A 15 song epic, this album ranks as Modest Mouse’s defining moment. With roaring guitars, wild 360-degree mood changes, and 70 minutes of diverse musical pleasures, this disc provides something for every indie rock fan.
“Lounge (Closing Time)” is a jumpy rocker that perfectly showcases Isaac Brock’s Pixies-inspired vocals and absurd lyrics. On “Trailer Trash,” the band shows another side with melodic guitars and an oddly emotional narrative on the white-trash lifestyle. But Modest Mouse never sits still in one style for long, and the entire CD finds them hopping from genre to genre with ease — but somehow, the entire album still holds together as a coherent effort.
“Jesus Christ was an Only Child” mixes down-home fiddle with a forceful guitar line for a twisted take on the typical country song. But with the 10-minute “Truckers Atlas,” the album really finds its stride. The band proves they’re best at crafting massive, Neil Young-ish feedback constructions. “Truckers Atlas” is the perfect travelling song — its roaring riffs and in-your-face vocals are grounded by one of the most memorable rhythms I’ve heard in a long time.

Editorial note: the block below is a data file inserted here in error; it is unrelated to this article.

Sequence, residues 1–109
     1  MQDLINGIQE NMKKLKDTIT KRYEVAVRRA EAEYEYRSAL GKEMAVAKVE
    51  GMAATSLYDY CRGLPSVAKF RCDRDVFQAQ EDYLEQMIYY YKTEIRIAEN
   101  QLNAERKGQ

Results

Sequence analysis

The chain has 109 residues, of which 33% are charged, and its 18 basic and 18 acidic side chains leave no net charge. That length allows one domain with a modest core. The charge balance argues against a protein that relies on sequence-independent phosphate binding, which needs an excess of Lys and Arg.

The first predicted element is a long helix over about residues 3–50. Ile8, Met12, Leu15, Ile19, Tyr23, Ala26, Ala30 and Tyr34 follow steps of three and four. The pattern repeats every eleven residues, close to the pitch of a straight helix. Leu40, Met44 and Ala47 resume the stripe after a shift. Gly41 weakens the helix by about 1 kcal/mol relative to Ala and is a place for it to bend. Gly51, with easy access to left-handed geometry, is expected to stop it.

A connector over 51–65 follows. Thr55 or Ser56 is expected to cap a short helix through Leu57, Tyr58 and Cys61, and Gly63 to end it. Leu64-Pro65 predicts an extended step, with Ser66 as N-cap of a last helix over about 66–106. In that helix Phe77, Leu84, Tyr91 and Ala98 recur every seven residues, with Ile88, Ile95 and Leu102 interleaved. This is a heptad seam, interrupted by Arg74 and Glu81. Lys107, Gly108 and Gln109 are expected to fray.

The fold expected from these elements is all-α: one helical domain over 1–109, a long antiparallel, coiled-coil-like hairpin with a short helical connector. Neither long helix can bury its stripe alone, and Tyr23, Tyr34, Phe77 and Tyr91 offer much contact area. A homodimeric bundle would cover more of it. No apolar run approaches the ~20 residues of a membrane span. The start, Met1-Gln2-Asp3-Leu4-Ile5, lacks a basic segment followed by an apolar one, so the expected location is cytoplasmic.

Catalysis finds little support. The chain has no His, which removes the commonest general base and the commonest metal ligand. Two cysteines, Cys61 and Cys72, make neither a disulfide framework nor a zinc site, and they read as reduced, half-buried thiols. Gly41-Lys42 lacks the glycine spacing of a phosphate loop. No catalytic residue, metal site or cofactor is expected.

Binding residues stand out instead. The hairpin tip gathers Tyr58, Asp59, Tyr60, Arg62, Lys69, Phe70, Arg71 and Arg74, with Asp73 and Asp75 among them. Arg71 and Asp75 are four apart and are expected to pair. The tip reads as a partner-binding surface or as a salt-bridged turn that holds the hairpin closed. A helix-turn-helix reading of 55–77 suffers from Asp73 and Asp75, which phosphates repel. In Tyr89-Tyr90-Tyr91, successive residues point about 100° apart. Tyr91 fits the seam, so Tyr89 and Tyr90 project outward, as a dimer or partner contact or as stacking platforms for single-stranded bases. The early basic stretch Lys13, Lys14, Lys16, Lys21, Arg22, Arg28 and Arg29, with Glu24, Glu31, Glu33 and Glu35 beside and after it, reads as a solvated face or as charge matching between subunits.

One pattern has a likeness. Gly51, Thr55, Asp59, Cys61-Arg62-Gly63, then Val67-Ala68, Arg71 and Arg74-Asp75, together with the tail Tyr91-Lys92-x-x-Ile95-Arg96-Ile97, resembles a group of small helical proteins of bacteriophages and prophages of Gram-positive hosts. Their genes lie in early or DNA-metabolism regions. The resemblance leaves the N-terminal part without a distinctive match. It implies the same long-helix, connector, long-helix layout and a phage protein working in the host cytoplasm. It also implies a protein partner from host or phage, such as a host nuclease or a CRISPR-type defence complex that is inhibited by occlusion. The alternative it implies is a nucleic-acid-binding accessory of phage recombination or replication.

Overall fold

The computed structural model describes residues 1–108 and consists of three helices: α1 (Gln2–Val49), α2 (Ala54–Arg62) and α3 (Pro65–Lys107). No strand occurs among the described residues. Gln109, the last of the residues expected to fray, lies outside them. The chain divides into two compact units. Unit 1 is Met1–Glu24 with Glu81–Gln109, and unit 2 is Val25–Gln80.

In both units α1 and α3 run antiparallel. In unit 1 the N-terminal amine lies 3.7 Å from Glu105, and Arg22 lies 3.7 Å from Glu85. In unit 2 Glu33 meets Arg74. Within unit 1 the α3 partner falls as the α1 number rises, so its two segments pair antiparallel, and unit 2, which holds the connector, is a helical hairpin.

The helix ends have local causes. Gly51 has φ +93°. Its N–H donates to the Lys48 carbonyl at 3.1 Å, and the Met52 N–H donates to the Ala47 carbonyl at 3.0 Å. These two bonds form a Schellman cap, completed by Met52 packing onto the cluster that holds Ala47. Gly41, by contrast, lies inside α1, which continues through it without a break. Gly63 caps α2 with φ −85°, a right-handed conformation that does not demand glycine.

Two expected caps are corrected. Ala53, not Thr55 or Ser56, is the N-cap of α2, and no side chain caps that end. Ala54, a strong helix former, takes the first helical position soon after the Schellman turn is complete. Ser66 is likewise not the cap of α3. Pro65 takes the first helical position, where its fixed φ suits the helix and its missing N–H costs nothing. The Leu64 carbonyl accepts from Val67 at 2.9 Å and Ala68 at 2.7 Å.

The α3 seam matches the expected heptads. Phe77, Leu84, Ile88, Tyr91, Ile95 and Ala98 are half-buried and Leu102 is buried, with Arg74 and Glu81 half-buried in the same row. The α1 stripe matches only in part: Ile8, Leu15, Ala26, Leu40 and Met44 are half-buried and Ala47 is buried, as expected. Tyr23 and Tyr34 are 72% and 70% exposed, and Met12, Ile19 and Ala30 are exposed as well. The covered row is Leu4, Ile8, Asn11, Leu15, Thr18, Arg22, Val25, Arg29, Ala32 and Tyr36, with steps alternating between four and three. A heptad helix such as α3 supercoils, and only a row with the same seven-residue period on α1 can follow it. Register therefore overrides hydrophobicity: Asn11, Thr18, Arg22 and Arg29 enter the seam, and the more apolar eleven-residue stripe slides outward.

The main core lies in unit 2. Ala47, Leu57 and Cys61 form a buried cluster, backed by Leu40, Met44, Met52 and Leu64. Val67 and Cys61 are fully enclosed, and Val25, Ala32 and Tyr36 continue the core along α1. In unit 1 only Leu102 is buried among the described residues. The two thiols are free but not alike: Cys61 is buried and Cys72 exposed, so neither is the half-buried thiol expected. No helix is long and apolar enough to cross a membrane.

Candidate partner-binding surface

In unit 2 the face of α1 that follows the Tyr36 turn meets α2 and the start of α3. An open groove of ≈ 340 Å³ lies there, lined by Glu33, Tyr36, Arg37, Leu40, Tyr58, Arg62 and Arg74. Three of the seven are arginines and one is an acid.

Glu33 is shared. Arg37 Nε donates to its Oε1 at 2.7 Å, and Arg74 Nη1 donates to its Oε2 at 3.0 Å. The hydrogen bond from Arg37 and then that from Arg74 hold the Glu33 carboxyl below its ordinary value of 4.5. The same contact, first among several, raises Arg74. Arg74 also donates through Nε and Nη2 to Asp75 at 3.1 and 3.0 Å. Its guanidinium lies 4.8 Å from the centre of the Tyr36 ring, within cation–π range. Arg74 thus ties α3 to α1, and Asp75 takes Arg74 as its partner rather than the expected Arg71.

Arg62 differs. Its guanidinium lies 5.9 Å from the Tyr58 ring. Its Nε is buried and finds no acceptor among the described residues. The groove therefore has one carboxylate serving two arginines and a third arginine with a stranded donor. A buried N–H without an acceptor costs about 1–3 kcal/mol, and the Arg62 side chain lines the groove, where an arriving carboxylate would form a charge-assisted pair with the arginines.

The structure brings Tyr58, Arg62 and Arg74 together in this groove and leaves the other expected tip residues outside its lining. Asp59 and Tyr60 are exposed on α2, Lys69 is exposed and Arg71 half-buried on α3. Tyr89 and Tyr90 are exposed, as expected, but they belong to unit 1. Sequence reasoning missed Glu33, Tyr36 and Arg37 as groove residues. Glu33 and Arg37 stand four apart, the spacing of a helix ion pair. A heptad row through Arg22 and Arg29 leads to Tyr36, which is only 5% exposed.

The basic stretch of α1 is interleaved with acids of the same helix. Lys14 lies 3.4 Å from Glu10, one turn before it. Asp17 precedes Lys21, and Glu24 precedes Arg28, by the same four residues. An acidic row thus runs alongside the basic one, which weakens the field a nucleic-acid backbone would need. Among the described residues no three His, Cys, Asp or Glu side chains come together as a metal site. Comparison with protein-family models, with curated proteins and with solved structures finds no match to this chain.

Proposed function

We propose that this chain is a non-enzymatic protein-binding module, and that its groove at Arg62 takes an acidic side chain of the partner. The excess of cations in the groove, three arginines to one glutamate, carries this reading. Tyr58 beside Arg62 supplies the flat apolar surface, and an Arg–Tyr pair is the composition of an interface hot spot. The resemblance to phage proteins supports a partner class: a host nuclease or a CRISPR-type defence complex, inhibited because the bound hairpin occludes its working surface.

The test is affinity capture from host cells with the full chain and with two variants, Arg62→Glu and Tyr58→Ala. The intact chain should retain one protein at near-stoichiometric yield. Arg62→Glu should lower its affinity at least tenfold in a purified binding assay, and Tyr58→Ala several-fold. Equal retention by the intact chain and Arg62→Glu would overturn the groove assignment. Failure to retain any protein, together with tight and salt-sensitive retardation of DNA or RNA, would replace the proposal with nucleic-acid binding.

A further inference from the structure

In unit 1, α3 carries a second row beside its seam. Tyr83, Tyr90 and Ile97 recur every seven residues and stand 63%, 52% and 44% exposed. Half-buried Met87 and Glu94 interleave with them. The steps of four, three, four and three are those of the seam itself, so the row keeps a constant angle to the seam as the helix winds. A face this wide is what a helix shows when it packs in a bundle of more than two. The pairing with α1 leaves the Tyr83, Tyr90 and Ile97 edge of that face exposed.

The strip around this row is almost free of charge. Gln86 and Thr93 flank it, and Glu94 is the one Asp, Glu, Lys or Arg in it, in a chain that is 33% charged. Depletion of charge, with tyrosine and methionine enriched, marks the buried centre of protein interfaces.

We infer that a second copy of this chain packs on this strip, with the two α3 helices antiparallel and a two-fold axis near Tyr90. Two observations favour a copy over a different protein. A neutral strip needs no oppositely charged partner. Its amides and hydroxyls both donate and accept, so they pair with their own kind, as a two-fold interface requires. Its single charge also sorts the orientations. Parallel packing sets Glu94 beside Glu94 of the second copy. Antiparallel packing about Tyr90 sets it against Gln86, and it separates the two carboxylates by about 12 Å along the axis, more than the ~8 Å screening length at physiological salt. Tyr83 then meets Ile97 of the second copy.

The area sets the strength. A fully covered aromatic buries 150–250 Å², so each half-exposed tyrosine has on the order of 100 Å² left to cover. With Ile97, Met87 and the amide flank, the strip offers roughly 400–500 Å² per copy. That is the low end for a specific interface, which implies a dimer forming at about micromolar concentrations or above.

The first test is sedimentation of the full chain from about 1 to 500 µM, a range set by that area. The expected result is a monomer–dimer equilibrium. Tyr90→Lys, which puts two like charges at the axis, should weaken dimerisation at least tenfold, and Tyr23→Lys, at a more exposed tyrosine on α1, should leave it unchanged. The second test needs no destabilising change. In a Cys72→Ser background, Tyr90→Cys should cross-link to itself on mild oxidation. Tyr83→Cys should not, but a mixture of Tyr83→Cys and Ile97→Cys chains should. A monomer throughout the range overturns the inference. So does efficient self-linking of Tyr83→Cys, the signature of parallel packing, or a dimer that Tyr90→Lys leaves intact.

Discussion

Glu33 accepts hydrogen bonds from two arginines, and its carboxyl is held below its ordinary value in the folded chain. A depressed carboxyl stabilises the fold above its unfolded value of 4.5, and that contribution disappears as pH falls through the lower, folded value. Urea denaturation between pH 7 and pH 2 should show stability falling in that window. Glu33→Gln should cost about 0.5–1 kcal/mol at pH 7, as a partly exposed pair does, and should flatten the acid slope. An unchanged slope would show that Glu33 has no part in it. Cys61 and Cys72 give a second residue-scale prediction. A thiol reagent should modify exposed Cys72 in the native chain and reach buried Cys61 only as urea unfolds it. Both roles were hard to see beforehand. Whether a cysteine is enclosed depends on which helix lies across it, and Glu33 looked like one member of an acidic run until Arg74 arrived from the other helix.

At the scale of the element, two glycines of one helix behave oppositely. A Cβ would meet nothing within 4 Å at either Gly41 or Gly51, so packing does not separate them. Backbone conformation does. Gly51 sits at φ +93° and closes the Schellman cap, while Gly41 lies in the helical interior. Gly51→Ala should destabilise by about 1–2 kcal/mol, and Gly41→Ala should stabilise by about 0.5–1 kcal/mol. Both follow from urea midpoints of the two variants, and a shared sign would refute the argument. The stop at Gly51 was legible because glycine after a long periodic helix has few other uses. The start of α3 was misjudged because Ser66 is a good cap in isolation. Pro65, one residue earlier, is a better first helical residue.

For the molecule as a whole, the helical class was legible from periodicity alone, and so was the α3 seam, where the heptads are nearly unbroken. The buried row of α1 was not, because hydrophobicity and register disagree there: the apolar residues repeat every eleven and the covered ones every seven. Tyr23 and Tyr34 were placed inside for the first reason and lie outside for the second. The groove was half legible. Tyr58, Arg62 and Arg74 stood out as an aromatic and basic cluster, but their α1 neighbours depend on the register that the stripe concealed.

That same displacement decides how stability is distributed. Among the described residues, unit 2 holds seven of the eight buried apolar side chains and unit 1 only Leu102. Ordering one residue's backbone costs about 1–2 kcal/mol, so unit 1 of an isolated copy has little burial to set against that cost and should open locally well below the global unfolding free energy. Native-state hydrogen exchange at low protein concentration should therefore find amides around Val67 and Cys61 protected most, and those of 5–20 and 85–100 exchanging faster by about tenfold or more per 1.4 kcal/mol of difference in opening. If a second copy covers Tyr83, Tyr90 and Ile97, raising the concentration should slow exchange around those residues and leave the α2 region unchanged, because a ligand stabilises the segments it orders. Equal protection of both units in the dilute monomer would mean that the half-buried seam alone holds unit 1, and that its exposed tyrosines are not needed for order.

The 2-part closing track “Styrofoam Boots/It’s All Nice on Ice, Alright” demonstrates the band’s more out-there tendencies. The first part is a rambling stream-of-consciousness folk song reminiscent of some of Bob Dylan’s 60’s output: “He moved like Crisco disco/ breath 100% Listerine/ He says looking at something else/ but directing everything to me:/ ‘every time anyone gets on their knees to pray/ well it makes my telephone ring’/ and I’ll be damned.” On the second part, rapid drums kick in for a cathartic jam.
For those seeking something new and endlessly engaging, Modest Mouse’s unique brand of rock never fails to satisfy.
Archived article by Ed Howard